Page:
“I’ve Got a Feeling” by The Beatles
(Side note: It’s incredibly depressing that the Black Eyed Peas song with the same name showed up higher on Google’s search results.)
So this is a tricky one. Why? Well, look at the lyrics.
I’ve got a feeling, a feeling deep inside
Oh yeah, Oh yeah. (that’s right.)
I’ve got a feeling, a feeling I can’t hide
Oh no. no. Oh no! Oh no.
Yeah! Yeah! I’ve got a feeling. Yeah!
It’s a song first, and the lyrical content doesn’t really give me many hooks to develop a game from. So let’s see what I can find.
Well, how about this part:
Ev’rybody had a hard year.
Ev’rybody had a good time.
Ev’rybody had a wet dream.
Ev’rybody saw the sunshine.
This song’s really several compositions stuck together. There’s some Lennon, there’s some McCartney. So between that and the “Ev’rybody” verse, I’m getting something. What if, in this game, each player has a set of assumptions for their “character,” but every event in the game affects everybody. I realize I’m going pretty abstract here, but bear with me.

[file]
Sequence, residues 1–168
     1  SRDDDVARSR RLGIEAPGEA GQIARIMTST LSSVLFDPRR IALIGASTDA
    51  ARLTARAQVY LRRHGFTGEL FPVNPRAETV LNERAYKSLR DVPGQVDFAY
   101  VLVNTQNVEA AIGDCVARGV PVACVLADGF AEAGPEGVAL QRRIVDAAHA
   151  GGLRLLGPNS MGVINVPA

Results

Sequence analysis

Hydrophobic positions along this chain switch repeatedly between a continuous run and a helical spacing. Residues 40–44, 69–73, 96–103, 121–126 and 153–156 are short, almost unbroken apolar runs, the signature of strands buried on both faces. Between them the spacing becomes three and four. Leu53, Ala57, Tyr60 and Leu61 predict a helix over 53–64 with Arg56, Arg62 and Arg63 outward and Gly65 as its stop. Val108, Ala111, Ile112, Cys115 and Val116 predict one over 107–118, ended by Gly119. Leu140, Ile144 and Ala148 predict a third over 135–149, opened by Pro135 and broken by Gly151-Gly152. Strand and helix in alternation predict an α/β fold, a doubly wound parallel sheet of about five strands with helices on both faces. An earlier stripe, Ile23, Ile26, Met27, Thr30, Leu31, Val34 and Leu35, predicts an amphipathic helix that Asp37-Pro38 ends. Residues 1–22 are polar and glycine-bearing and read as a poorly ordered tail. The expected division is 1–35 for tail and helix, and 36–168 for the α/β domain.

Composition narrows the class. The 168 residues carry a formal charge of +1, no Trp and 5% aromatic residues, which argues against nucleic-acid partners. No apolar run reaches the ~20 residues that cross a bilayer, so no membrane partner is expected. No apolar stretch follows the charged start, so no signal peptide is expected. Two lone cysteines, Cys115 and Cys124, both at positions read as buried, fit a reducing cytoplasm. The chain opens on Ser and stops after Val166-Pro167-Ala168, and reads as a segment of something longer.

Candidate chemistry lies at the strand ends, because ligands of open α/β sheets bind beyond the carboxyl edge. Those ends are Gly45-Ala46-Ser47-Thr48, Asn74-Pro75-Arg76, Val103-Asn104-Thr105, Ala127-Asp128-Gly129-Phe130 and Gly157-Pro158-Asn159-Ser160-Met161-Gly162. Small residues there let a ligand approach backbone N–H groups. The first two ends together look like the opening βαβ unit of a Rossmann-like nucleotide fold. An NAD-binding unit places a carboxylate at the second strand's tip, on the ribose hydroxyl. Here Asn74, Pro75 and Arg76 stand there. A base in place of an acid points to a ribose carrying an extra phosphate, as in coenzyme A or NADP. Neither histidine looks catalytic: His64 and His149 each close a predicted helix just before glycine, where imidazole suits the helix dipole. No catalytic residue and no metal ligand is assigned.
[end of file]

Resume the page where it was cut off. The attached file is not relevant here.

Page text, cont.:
Here’s how it would work on the simplest level: A player plays the “Sunshine” card, and every player gains 5 sun points. So now everybody has 5 points, but one player is the House Plant, so she gets +1 point whenever a card gives her sun points. (That’s just an illustration. Real cards would be considerably more triggers.) This game requires really careful integration of events and set-up cards, and would work best as a really quick-playing game.
So there’s the yield from my playlist design experiment. I’d love to see other people try it out or offer comments! Which of these work for you, which don’t, and why? If it’s popular enough, I’ll do another installment in the future.
Editor’s Note: For another take on drawing inspiration from songs specifically geared towards RPG plots, check out Tabletop RPGs and Music: The Beautiful Thieves